Mirrors, Food and I

Today we are talking about food!!!

But before we start I just want to say welcome back:) I feel like I haven’t written in the longest time. The blog challenge had me on a different blogging schedule, but I’m glad to be back to my usual routine.

So much has happened these past few weeks and I don’t think I can squeeze it in one post. However these past few weeks have forced me to face something that I do not like talking about: my relationship with food. Don’t get me wrong, I love food. I love the smell, the colours, the textures, the tastes… But I’m also afraid of food.

Growing up I was always the kid that ate more than most adults. I ate portions that would put Supersizers to shame. And for a long while I truly enjoyed food. I looked at it as something that is to be enjoyed and consumed. I never thought about calories and fat content; I just thought about my next meal. And I think it would have stayed this way had people not started commenting on my weight. People took it upon themselves to remind me that I was “fatter” and looked older than my sister.

This impact of these words were magnified when I went to high school because all of a sudden I was in grade 8 and way bigger than my peers. That’s when the fear of eating began to creep in. Every time I put food in my mouth, I could see myself getting fatter. There were moments when all I could think about was food: what to eat, when to eat, how to avoid certain foods, but most importantly how to starve myself.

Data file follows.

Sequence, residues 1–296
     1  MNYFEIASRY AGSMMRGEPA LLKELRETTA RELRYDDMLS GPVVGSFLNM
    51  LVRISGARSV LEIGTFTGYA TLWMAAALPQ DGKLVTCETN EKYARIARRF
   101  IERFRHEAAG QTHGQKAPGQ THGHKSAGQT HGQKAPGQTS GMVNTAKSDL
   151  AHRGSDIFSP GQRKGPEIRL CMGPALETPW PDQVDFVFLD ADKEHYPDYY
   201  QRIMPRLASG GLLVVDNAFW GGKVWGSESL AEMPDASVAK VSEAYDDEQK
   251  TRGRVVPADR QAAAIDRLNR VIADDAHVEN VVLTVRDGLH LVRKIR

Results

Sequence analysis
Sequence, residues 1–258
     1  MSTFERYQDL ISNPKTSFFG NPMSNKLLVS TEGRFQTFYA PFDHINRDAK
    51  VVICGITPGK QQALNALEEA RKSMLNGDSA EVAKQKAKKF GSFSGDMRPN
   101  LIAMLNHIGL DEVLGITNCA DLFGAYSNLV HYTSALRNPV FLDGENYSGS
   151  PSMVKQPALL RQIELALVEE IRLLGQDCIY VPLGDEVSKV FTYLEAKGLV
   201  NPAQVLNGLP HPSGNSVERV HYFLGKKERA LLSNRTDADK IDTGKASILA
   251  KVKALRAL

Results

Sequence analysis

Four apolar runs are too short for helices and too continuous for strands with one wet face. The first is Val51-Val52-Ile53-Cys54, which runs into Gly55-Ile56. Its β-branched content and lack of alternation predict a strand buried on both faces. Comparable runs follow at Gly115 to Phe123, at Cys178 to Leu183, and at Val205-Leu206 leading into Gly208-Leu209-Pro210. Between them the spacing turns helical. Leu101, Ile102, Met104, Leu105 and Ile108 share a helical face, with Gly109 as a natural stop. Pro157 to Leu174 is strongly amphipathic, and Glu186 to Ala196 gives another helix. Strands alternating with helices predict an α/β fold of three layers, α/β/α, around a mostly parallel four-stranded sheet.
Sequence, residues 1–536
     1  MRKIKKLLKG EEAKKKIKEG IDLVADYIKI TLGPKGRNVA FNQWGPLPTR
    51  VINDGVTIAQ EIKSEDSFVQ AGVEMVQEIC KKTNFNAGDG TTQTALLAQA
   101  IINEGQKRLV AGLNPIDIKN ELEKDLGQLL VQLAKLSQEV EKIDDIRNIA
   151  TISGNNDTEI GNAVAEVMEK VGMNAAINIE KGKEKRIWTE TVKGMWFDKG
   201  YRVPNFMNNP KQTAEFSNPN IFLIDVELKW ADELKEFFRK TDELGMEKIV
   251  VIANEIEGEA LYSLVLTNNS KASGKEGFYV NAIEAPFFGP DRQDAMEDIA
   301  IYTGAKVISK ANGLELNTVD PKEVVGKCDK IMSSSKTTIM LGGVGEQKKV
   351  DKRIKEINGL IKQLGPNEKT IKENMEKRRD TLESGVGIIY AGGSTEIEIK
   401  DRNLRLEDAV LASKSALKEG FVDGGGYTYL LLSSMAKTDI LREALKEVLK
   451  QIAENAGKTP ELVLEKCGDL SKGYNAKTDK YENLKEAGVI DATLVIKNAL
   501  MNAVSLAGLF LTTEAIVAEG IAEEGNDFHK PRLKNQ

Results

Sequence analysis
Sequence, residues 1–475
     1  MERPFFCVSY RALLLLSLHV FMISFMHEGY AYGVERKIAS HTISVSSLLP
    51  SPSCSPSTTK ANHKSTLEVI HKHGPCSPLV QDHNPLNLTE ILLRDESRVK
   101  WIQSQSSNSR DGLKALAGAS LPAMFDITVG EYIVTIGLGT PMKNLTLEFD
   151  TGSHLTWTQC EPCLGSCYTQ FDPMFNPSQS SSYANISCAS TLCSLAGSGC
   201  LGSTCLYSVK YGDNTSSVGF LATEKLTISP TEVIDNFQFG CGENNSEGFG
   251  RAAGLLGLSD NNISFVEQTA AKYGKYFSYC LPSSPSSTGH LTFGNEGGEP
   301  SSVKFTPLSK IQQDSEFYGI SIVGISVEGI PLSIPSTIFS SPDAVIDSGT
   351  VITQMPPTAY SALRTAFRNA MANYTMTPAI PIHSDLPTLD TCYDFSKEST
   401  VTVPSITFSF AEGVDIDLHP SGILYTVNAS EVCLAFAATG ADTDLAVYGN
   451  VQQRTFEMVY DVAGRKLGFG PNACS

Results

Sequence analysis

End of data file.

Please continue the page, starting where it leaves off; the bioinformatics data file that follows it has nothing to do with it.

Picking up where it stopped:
Many people, including myself, didn’t notice that I had begun cutting off food items from my list of what was acceptable to eat. As I got to university my food choices dwindled. Students know how to make a dollar go a long way, and certain foods are simply luxuries that cannot be entertained. And that is what I used to justify my lousy diet that consisted mainly of cream buns and 2-minute noodles. When I look back I don’t think I did it to lose weight, I think I did it because I didn’t want to worsen what I saw in the mirror.

Because I hated what I saw in the mirror.

Before I new it I hardly ate anything anymore. When people started asking me why I had lost so much weight, I blamed it on being vegetarian. It was easier than telling them that cooking gave me anxiety and some foods made me scared. How do you explain to someone that your fear of food is more powerful than your fear of death?

My previous psychologist has warned me many times about what could happened if I didn’t tackle this fear now. Some days I wish that I could just stop. Stop eating that is. Then I wouldn’t be conflicted all the time. Then I wouldn’t have to fight with my mom about eating beetroot or tomatoes (I really hate raw tomatoes). My rational mind knows to avoid mirrors as it worsens the thoughts of self-deprivation and the like. However the thoughts have become more and more intense. I find myself wishing to have bariatric surgery even though I have a “healthy” BMI of 22.

Writing this feels weird. It feels like I’m over-exaggerating. Maybe I’m not the only one that doesn’t like eating in front of people out of fear of being called greedy. Perhaps they are more people like me that feel like starvation is a good punishment for when you eat fries for the first time in months. Maybe there are people like me that count the spoons of food they eat, that dilute their juice with tons of water and that avoid using large spoons when eating out of fear of overeating.